Miles walked: today 19.8 cumulative 456.6
I had a little trouble finding somewhere to stay near my route so I had a couple of miles to walk back down the canal to the Cotswold Way. The Cotswold Canal Trust are currently rebuilding the lock near the pub. They are hoping to restore the whole length of the canal from Stroud to the river Servern. The towpath was a popular route for people cycling or walking to work. At first it passed through an industrial estate, including a factory that makes billiard cloth. Then it became mainly tree lined with either old large houses or new apartments overlooking the canal. It runs parallel to the river Frome.
I rejoined the Cotswold Way at Stonehouse. This climbs through a vineyard I tasted one grape. It was very bitter but hopefully once fermented it will be great.
The walk continued through the lovely Standish wood to my last hill on the Cotswold Way, Haresfield Beacon. This is another area where there are a lot of prehistoric mounds, barrows etc. I saw this in Scottsquar wood which I was sure was old but I can find no reference to the stone and I assume it is a recent boundary mark
My final views from the Beacon:
My plan was always to carry as little food as necessary. I had assumed I would pick up lunch in Stroud and I didn’t pass a shop on the way out. Happily, as I crossed the main road south of Edge I came upon the Edgemoor Inn. After a pint and a delicious crispy duck salad I was ready to continue. I walked through the village of PainswickI chatted to a woman about the walk. She was waiting for her bus with her daughter, who was about 3 or 4. She was running around, standing and jumping of the hand rest of the bench by the bus stop. Asking why I had a big rucksack, why my walking poles had an apparent sharp end. A normal, bright pre-school child. “She was born at 24 weeks, spent most of her first year in hospital and we are going for a check up” said her mum. A tribute to neonatal ICU.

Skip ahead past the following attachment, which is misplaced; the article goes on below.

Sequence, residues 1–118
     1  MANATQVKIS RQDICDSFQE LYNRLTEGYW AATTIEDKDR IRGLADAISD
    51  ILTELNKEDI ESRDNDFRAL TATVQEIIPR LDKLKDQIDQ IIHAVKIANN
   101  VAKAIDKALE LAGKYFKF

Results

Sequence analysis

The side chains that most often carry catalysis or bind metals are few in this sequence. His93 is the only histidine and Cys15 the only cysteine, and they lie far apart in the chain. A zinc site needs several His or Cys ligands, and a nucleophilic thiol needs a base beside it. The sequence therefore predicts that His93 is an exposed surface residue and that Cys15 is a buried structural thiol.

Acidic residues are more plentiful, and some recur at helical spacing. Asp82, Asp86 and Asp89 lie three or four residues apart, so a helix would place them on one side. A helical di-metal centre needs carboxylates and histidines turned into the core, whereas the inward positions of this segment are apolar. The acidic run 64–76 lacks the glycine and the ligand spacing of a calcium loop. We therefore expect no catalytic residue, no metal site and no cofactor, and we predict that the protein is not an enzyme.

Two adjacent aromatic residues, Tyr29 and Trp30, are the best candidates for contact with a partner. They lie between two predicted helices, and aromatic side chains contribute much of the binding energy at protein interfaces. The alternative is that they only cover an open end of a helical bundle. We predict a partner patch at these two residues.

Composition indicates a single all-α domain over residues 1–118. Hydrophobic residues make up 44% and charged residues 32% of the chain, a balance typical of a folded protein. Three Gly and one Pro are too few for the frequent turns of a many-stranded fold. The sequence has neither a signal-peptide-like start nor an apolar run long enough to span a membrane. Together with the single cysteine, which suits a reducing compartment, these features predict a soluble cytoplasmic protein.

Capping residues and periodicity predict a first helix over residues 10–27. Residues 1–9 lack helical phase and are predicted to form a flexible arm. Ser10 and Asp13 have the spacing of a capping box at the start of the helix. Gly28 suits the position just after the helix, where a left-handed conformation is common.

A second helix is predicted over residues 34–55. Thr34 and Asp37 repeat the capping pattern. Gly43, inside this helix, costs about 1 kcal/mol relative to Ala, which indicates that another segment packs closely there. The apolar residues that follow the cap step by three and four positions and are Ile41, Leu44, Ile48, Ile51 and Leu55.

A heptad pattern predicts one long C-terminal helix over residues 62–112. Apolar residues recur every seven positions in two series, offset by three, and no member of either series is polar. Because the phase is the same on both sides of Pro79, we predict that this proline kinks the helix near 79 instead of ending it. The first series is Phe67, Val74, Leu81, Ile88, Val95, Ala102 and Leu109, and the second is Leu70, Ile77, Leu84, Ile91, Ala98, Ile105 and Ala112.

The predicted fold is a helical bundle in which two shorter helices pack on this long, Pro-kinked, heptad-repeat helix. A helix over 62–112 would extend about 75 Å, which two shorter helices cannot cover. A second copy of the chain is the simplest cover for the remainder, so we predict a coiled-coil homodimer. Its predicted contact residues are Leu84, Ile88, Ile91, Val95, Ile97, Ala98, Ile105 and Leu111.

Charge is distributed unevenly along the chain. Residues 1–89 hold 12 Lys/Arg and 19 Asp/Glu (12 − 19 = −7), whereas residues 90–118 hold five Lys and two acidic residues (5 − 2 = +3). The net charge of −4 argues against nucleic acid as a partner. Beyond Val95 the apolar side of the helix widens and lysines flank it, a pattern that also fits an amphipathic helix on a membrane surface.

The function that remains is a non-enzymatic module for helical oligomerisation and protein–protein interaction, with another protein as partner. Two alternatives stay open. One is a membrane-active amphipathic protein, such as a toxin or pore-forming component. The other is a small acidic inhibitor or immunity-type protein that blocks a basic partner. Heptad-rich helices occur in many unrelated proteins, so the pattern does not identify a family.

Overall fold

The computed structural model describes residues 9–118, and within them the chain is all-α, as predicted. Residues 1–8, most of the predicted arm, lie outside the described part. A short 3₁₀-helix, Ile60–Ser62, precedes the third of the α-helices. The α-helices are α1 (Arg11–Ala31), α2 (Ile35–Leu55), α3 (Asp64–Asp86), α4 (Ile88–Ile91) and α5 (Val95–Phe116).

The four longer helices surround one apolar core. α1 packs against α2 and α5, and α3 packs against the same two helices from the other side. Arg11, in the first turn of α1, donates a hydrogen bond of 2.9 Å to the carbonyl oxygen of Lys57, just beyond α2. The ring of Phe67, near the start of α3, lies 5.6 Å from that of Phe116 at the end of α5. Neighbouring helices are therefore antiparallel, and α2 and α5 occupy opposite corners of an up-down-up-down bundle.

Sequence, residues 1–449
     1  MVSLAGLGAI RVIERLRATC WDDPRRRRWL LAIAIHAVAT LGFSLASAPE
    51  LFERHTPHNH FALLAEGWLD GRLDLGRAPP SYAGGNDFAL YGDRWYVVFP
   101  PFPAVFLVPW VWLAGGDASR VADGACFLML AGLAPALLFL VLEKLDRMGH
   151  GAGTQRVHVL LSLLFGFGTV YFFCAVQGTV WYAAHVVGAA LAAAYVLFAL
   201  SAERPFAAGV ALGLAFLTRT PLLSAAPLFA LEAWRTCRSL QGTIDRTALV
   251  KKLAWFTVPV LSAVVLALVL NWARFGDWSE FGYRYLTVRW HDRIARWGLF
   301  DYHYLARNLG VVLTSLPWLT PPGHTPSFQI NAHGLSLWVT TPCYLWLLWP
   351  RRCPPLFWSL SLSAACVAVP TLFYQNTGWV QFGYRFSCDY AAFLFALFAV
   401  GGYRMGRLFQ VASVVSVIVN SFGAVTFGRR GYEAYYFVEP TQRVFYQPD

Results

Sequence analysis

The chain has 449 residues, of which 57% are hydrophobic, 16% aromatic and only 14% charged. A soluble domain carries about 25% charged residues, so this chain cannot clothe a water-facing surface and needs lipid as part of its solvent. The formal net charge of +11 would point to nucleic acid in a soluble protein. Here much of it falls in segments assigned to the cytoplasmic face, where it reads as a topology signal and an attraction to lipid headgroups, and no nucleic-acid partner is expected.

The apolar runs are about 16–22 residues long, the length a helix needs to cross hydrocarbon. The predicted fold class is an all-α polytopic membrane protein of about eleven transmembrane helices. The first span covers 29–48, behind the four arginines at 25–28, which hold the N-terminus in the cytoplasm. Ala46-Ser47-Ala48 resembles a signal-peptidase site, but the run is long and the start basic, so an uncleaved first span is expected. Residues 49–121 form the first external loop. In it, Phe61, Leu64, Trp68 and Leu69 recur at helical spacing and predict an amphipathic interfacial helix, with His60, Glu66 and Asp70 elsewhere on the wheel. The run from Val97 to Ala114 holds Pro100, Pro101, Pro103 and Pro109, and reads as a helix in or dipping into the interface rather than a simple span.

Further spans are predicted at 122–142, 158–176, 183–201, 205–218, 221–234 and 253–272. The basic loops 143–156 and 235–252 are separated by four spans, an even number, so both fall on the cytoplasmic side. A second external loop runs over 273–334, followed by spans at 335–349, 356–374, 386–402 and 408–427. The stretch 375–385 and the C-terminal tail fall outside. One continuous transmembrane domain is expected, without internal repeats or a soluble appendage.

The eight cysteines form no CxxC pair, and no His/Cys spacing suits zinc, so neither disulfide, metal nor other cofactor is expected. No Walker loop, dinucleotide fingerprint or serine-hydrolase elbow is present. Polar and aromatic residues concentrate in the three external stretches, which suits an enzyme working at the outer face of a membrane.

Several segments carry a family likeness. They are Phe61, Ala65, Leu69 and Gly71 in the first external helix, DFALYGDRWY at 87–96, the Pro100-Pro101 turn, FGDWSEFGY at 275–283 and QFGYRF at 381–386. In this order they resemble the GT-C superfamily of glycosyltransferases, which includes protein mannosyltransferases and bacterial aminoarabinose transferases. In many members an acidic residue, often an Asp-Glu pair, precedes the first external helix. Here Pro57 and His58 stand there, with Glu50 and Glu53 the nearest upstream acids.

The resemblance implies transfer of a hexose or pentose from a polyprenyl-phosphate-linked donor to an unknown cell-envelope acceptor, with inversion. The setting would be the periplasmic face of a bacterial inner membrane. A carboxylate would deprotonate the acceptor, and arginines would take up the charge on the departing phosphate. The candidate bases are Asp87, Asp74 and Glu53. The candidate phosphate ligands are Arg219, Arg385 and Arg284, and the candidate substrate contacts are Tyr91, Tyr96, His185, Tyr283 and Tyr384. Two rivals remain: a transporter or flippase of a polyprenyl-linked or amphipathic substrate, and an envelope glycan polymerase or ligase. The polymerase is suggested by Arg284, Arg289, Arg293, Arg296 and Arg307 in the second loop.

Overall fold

I climbed up through woodland to Painswick beacon, a view of Gloucester with the Malvern Hills, my next target, in the background.
There was a cyclist on top of the Beacon. He is also thinking of doing Lejog, but by bicycle. He has a friend in the RAF who has done lejog in about 22 minutes – in a Phantom jet!
I now parted company with the Cotswold Way. I really enjoyed this part of the walk. Even when it was hazy, the views were magnificent. The woodland was almost all deciduous and beautiful to walk in. There were historic and prehistoric sites, picturesque villages and nice pubs. Navigation was easy, the way marking was excellent and I mainly used the map to identify places of interest.
I was back on normal footpaths. The route to Gloucester was along the Wysis way that links Offas Dyke path with the Thames path. However waymarking was poor. This is not necessarily too bad as I can use my compass. However, particularly at field edges, the paths were overgrown. At the end of a long day I was tired and didn’t relish the idea of being stung by nettles and pricked by brambles.
My plan was to climb Robins Wood hill to get a view of Gloucester before entering the city. I crossed the motorway and set off up the minor road to the footpath. There was a small wedding party having photographs taken on the common. I avoided being photographed and found the path which was actually signposted.
The path passed between houses and a fence. The only way I was going to be able to make progress was with a pair of secateurs. “Oh bother” I thought (or words with a similar meaning). I returned to the road and set off into town.
Now, if I wanted to walk from the outskirts of a city to the centre I could have stayed at home. Gloucester is a typical city. Posh suburbs, not so nice as you approach the centre (sorry, Gloucester) and then a re-vitalalised centre. It was tedious walking.
When I got to the centre Google maps took me to the hotel. I was a bit concerned about the quality of the New County hotel. It gets mixed reviews on Tripadvisor and was only £31. I am happy to report it was fine and there was an excellent Indian restaurant a few yards away. The restaurant is one of those newer type who offer traditional Indian dishes as opposed to the Anglicised North Indian/Pakistani dishes usually on offer. After a good feed, two pints of Kingfisher and a good sleep, I was ready for the Malverns.